Local impact of Supreme Court's same-sex marriage rulings

While the Supreme Court decision Wednesday recognizes same-sex couples at the federal level, it leaves the definition of marriage up to states.

In the case of California's Proposition 8, the justices didn't hand down a sweeping ruling about the legality of gay marriage.

"It simply said that the people who appealed the case did not have legal standing," said Brian Powell, an Indiana University Sociology Professor. "And, so what that basically meant was the Supreme Court didn't really rule whether the prohibition of same-sex marriage is constitutional or not."

Both Indiana and Michigan already have laws banning gay marriage. So, the ruling won't have an immediate impact on the states.

But, lawmakers are already debating what their next steps should be.

Some in Indiana fear their law prohibiting same-sex marriage could be overturned in state court if it's not written into the constitution. A constitutional amendment banning gay marriage overwhelming passed in 2011.

"The General Assembly has passed the constitutional amendment to prohibit gay marriage one time," said State Senator John Broden (D-10th District). "But, our state constitution requires that the General Assembly pass it in two different sessions."

Indiana lawmakers are expected to consider the constitutional amendment again in 2014.

In a statement, House Speaker Brian Bosma (R-Indianapolis) says he's "confident the matter will come before the General Assembly and be placed on a referenda ballot for voter consideration."

Republican Governor Mike Pence also released a statement on the court's decision saying, "Given the opportunity, I am confident that Hoosiers will reaffirm our commitment to traditional marriage and will consider this important question with civility and respect for the values and dignity of all the people of our state."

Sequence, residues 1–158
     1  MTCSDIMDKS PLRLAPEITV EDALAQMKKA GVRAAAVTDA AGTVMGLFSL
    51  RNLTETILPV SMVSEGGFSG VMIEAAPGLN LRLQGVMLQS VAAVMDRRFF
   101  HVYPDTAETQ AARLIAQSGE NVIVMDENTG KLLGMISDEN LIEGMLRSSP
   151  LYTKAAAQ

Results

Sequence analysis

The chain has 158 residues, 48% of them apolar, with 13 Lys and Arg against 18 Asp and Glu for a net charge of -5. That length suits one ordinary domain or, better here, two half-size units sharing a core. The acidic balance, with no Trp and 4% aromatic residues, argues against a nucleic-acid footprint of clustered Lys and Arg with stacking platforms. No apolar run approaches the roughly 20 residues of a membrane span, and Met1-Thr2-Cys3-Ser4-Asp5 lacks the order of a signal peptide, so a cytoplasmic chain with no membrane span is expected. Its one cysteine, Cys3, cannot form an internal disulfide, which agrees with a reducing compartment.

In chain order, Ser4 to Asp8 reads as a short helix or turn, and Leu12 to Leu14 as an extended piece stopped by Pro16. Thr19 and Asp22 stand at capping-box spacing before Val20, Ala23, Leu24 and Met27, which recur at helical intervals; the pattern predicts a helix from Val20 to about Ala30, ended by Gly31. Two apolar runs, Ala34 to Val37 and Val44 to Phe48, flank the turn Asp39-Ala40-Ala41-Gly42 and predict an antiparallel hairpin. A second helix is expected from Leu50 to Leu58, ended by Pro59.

While Bosma and Pence want the amendment placed on the 2014 ballot, Broden says lawmakers have more important issues that need their attention.

"Many legislators have reached the conclusion that our statute already prohibits same-sex marriage and that law has been found to be constitutional," he said. "So, I think many legislators feel frankly we have more critical issues to address such as job creation, economic development, and education."

In Michigan, efforts are underway to repeal the state's ban on gay marriage. Supporters are trying to collect signatures and raise money to get the question on the 2016 ballot.

Michigan Governor Rick Snyder said in a statement he respects the Michigan Constitution, but says if the law is repealed by voters, he'll respect that decision, too.

Powell says there is still a lot of confusion surrounding the Supreme Court's ruling on the Defense of Marriage Act and Proposition 8. He believes the decision on whether banning gay marriage is unconstitutional will end up back in court.

"As a country, it seems very bizarre, very odd that people can just travel like 30 minutes from one state to another and all of the sudden lose their benefits or their rights of marriage," Powell said. "That they all the sudden switch from being considered a real family, an authentic family, to one that is not. I'm fully convinced we're going to see many other cases in the next few years in which there will be a resolution to this inconsistency."

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